Hello to all of Chelsea’s blog followers. Once again, Chelsea has a guest blogger. This time it is ole dad. I came to SW Asia about 20-plus years ago, but this is my first time to East Asia, Anyway, the trip over was your typical international, multi-leg, multi-airline, 24+ hour day.
I got up at 5am Monday and my bags were packed. I haven’t gotten up that early since school ended (I am a high school teacher) but my body adjusted well. Abby (Chelsea's mom) dropped me off at IAH since she had to go to work, and my trip had begun.
I knew something was up when I was checking in and they asked for my travel visa to China. Since China was only a layover, I shouldn’t have needed one. Well the lady at the ticket counter started typing away and sure enough none was needed. (This will tie back in near the end of my travel.) While I was waiting at the ticket counter, I met Command Sgt Major Claus, and he said to drop his name if I go to the DMZ, since he was stationed there not too long ago. So my extended time at the counter might be a blessing in disguise.
Then I boarded my flight from Houston to Los Angeles. I didn't get the aisle seat I requested but I had the window seat, and thankfully I didn't have to share half my seat with the person in the middle. The flight was uneventful, but I was happy to be going to Los Angles and not San Francisco after this weekend's happenings.
The layover in LA was fine. I had plenty of time to get to the gate and grab a bite to eat, my last “American” meal for 10 days. Naturally, it was a Burger King combo meal. Loaded up on grease and calories, thinking the inflight meal would be well into the flight, since it was going to be a 12+ hour flight from LA to Beijing, China. Once again, I hoped I would get my reserved aisle seat.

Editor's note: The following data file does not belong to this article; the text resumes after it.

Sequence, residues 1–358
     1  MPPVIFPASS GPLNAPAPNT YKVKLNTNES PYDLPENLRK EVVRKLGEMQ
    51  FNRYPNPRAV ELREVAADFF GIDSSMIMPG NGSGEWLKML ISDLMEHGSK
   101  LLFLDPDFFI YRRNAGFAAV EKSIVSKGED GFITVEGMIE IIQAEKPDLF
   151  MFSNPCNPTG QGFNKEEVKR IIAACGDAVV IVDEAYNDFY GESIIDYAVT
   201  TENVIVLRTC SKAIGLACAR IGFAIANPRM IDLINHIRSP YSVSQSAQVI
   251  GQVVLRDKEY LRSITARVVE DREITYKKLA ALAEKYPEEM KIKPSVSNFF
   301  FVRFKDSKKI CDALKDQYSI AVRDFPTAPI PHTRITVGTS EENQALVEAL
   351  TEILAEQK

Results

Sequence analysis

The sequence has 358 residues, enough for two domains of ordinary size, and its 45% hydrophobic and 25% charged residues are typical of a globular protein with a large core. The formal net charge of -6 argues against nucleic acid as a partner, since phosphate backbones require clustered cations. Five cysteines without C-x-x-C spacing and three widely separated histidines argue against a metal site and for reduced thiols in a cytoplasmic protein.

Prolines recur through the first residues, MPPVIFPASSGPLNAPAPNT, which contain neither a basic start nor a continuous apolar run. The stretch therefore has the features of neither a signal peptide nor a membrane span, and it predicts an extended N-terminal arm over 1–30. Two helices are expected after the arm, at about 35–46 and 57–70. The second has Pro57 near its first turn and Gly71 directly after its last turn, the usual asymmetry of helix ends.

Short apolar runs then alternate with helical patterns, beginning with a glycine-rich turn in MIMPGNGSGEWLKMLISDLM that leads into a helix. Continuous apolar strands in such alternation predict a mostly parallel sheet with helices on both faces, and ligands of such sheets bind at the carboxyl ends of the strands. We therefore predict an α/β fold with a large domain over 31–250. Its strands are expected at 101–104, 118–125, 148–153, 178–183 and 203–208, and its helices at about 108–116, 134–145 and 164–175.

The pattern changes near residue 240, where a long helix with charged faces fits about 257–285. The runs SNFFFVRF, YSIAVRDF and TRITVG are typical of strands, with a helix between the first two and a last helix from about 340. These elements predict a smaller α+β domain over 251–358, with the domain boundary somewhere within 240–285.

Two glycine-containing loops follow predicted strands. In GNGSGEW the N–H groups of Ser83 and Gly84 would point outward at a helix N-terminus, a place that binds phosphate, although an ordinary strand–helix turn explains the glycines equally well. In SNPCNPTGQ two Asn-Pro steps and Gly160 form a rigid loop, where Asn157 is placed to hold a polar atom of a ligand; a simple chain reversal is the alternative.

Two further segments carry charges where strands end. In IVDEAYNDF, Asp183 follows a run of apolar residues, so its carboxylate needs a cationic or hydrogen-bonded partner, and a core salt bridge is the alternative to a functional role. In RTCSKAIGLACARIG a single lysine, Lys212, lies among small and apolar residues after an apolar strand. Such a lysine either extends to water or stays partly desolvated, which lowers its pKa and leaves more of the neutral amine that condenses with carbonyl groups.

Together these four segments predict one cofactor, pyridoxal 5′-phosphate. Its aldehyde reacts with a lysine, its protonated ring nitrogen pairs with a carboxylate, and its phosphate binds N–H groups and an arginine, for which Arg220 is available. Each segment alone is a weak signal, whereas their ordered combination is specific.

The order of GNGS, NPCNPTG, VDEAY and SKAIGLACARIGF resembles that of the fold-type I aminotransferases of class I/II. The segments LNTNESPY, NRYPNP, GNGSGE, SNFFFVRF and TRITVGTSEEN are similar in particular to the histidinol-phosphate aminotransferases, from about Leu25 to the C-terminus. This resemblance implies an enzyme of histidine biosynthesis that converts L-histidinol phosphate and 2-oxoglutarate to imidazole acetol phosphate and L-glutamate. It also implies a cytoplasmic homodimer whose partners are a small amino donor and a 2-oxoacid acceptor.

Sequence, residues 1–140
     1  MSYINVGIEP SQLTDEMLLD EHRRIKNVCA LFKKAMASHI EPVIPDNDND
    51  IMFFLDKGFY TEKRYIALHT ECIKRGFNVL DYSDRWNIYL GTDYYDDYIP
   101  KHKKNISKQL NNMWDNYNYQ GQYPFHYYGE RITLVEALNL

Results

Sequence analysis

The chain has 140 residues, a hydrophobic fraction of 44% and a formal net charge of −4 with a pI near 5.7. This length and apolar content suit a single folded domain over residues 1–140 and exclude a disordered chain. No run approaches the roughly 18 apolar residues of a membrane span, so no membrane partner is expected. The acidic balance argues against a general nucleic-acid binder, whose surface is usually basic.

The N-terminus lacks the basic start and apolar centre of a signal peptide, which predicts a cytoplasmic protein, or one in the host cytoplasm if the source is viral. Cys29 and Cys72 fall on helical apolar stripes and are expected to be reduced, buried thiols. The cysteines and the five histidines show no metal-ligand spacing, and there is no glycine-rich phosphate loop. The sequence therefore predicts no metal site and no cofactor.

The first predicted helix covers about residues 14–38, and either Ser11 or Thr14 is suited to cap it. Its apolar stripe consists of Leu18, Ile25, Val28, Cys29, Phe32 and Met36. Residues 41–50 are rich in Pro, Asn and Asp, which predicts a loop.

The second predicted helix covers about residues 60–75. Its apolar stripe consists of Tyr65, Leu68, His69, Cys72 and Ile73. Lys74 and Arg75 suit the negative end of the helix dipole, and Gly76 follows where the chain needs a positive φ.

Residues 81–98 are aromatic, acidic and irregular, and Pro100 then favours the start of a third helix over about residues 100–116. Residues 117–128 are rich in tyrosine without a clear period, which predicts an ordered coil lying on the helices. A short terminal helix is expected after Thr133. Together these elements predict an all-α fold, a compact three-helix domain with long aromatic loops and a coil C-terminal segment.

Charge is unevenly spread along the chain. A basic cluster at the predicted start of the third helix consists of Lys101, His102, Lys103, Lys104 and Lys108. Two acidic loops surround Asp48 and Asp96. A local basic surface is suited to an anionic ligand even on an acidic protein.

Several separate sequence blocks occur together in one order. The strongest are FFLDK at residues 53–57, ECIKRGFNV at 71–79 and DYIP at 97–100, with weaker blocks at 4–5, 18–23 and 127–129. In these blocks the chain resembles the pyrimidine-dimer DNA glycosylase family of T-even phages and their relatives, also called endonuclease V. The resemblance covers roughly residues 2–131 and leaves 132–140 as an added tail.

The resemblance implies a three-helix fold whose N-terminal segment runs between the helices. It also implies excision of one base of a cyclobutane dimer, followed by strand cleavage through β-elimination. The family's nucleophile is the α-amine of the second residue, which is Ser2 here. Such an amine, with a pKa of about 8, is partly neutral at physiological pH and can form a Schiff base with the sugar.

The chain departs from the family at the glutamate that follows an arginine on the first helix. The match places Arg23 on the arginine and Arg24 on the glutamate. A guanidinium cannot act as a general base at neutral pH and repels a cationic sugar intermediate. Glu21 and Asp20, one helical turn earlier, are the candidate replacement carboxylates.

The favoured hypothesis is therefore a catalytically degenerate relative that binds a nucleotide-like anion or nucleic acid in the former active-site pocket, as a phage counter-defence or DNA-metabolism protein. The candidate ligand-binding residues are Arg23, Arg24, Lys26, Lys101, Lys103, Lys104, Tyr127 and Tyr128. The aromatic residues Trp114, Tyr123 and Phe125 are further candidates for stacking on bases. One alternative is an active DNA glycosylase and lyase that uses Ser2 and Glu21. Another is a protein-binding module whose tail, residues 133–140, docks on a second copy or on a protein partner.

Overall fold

I boarded the flight (lots of Asians on board, go figure). I did have my aisle seat in the middle section of the 777-300. Great news: no one between me and the person on the other end of the three seats, so my backpack got a ride in the empty seat. I did have my own TV display with lots of movies, TV shows and music. The music was all Chinese but the movies and TV shows were a mix.
I would say we were about an hour and a half into the flight and the inflight meal was coming around. Needless to say I wasn’t real hungry but took it anyway, since I figured I should, since it might be my only one. It was a Chinese stir fry, fruit, yogurt, and a roll with butter. I ate some but not all, washed it all down with a Chinese beer. Not bad tasting beer, surprisingly.
For my inflight entertainment, I went with a Chinese movie (no sound needed, just read the subtitles) called Cold War. Not a bad action adventure. I was half expecting the bad guys to hail from the Western Hemisphere. They were Chinese wanting to bring down Hong Kong. Movie number two was an American film, Jack Reacher. If I was a Tom Cruise fan, then this flight would have been perfect for me. There were 5 movies of his to chose from: MI-II, MI-III; Collateral, Minority Report, Ghost Protocol and Jack Reacher. I watched Jack Reacher since I’ve seen the rest and didn't have a desire to see them again. My final movie was for the Chief: The Magnificent Seven, a classic western.
After a few hours of rest, another meal was being served, but needless to say I was not hungry from the last one. I took it and ate at it (once again not sure when I'd have another meal...). Again, Chinese stir fry, again.... I was quite surprised by the selection. We were about 4 hours out of Beijing well over land, Russia I think.